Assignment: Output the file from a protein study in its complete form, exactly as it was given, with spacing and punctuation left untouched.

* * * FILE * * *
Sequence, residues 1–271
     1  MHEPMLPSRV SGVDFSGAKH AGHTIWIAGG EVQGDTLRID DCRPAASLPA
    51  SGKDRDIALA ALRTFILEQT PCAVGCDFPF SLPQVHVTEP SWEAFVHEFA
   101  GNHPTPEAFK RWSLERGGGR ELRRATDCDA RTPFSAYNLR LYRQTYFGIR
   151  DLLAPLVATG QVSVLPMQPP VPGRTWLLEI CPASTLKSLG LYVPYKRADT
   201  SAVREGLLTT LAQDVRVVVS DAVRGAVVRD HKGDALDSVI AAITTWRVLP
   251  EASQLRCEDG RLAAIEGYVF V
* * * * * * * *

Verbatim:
Sequence, residues 1–271
     1  MHEPMLPSRV SGVDFSGAKH AGHTIWIAGG EVQGDTLRID DCRPAASLPA
    51  SGKDRDIALA ALRTFILEQT PCAVGCDFPF SLPQVHVTEP SWEAFVHEFA
   101  GNHPTPEAFK RWSLERGGGR ELRRATDCDA RTPFSAYNLR LYRQTYFGIR
   151  DLLAPLVATG QVSVLPMQPP VPGRTWLLEI CPASTLKSLG LYVPYKRADT
   201  SAVREGLLTT LAQDVRVVVS DAVRGAVVRD HKGDALDSVI AAITTWRVLP
   251  EASQLRCEDG RLAAIEGYVF V